Katin is from Wisconsin and she is currently studying political science and international relations. She feels fortunate to have been able to gain quite a bit of travel experience thus far in her life.Interviewed on - 7 June 2017
I always knew that I wanted to go abroad in college, and I was looking for a program that would get me waaaayyyy out there!
I was a biology major, and I knew that I wanted my study abroad experience to provide me with field skills. Additionally, I was looking for an adventure, and I figured that you couldn't get more adventurous than backpacking in Patagonia!
Obviously, Patagonia is a gorgeous place with unprecedented scenery (I got to see mountains, glaciers, and sweeping river vistas on the daily). I would have to say, however, that my favorite part about the program was the people that we got to work with. We worked closely with guardaparques, or Chilean park guards. Their knowledge about the land stretched back for generations, and it was an immense privilege to be able to learn from them.
I think that the nature of Round River programs make them unique from most other study abroad experiences. You get to spend every day actively contributing to ongoing conservation fieldwork, and you get to live out of a tent (and really close to nature) for four months.
Our instructors were amazing, inspirational human beings that profoundly impacted my life path. Not only were they incredibly knowledgeable, but they deeply inspired me and helped me make sense of the direction that I wanted my post-college life to go. We had a lot of fun, too.
Looking back, I wish that I would have kept up with a journal throughout the program. There were so many amazing experiences that I have since struggled to remember, and I wish I had a record to look back on.
Most of the program takes place in the field. On a typical day, we would wake up at around 6 a.m. or so and do a bird survey in order to track species. After the survey, we would do whatever chores necessary (i.e. pack up camp, make breakfast, do the dishes, etc.). Then we would spend the next five to eight hours hiking and doing fieldwork; this could mean everything from recording information about plant species along 100m transects to keeping a watch out for signs of the endangered huemul deer.
Most of the hiking that we did was off-trail, which meant that there was a lot of bushwhacking and forging of rivers, but also that we got the experience of being the only ones in an immense landscape. Because of the fieldwork (and the exercise necessary in hiking!), we would take frequent breaks. There is nothing better than eating a hearty lunch of cheese and aji with an amazing panoramic view of the Southern Patagonia Ice Field!
Having made suitable progress in our distance or scientific research, we would find a suitable spot and make camp for the night, and maybe take a quick dip in a glacier-fed river before feasting on lentils and mashed potatoes. After dinner, we generally held class--discussing the readings that we had done that week and working on assignments. Then, an early bedtime, falling asleep to the sound of the strong winds whistling through the lenga trees.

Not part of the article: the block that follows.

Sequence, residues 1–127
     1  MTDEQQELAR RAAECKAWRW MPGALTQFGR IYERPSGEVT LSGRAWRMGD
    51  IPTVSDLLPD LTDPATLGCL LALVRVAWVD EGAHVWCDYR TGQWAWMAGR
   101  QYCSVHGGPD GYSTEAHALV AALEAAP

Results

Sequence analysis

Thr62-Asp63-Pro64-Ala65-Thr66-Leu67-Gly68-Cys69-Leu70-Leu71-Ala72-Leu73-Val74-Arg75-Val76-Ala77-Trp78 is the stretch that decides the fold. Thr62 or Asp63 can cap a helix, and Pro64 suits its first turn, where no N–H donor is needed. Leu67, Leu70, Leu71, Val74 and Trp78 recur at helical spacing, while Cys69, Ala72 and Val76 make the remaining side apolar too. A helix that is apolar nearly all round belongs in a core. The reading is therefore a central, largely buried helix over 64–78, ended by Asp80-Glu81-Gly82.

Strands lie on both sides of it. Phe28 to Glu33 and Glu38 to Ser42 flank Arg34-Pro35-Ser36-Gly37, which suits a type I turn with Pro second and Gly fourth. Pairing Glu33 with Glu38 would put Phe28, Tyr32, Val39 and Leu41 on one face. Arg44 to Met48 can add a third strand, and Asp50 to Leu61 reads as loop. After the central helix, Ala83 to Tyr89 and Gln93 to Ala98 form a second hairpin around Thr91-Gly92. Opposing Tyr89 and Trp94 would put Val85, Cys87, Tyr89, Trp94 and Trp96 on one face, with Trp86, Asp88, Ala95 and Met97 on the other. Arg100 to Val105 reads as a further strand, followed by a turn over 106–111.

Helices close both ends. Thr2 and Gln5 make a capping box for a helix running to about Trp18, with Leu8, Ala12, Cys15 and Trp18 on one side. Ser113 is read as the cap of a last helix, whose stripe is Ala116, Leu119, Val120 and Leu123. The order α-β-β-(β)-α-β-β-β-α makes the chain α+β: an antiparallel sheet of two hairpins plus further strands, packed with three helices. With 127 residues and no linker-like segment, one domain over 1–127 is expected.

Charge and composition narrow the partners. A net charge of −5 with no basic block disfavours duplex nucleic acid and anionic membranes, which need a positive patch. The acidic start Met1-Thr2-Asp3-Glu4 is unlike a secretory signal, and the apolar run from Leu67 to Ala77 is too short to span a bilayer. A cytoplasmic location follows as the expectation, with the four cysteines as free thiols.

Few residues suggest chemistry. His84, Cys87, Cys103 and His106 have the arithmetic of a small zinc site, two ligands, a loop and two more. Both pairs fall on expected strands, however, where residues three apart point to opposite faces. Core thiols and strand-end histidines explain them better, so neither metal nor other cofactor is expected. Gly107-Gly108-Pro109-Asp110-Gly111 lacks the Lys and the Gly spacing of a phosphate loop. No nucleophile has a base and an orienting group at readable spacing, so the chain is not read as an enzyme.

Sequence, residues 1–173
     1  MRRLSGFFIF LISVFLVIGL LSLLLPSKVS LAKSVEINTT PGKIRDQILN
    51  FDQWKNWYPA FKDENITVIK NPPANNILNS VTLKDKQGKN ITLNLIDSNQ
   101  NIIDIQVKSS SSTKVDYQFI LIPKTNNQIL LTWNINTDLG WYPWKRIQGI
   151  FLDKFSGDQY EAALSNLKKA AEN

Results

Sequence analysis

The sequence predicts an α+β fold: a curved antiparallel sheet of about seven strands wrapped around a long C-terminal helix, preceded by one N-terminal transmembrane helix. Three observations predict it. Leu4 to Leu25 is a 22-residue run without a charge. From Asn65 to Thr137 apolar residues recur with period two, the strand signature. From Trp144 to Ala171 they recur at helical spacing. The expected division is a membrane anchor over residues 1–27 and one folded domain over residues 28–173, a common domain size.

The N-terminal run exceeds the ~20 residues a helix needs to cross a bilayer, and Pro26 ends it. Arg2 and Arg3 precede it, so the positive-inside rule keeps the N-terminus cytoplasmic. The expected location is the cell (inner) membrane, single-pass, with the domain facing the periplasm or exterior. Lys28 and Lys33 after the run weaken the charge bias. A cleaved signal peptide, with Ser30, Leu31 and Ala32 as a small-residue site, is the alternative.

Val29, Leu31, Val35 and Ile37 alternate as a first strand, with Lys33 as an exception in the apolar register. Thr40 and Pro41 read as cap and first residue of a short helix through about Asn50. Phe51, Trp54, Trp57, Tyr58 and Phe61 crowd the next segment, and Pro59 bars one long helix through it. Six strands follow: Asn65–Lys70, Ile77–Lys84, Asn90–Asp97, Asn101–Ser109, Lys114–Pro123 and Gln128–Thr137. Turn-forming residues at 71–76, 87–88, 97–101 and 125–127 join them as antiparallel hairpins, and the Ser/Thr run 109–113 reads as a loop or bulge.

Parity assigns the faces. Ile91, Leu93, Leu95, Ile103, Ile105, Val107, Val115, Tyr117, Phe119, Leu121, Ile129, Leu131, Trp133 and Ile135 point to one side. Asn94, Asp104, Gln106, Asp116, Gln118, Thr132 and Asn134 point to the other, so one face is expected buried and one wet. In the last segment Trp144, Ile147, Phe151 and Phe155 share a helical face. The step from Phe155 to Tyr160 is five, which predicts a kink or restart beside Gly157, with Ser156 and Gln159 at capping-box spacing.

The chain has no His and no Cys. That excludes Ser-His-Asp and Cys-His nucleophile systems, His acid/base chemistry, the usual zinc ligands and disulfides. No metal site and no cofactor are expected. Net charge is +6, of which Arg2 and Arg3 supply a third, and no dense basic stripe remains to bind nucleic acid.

I am an avid photographer and enjoyed taking pictures of the beautiful landscapes when we were in the field. When we had basecamp days, I enjoyed coming up with creative methods to recreate my favorite baked goods.
The entirety of the program is spent living in tents. When we weren't in the field (where we shared our tents for space-saving reasons), we each had our own tent that we brought and set up in the sheep pasture of a small farm. I loved my tent immensely, and it truly felt like home after four months!
Our basecamp was equipped with a small building with electricity, running water, and a kitchen. We spent a lot of our basecamp time in this building, working on data input and classes as well as showering and hand-washing our laundry. The Rio Cochrane runs right through basecamp, and we also spent a great deal of time doing yoga on the shore or jumping off the small dock on sunny days. From basecamp, it is a short (~one mile) walk into Cochrane, where we could get (somewhat spotty) free internet access and purchase supplies (mainly wine and chocolate) from a general store.
It is a difficult program, both physically and mentally. You will spend long days doing hard work, and you have to be willing to get really close with your fellow students. That being said, it is the most rewarding thing I have ever done. You will never get the chance to have an experience like this ever again!
My time with Round River has really helped to solidify my ideas about what I want to do with my future--our work with community conservation has inspired me to go into policy. Additionally, I am immensely proud of my accomplishments from the program, and have found that I am more confident in myself since.
I would highly, highly recommend this program! I do not suggest applying if you want a study abroad experience that is very relaxing and easy--you will work incredibly hard. You should apply, however, if you want an experience like no other that will change your life!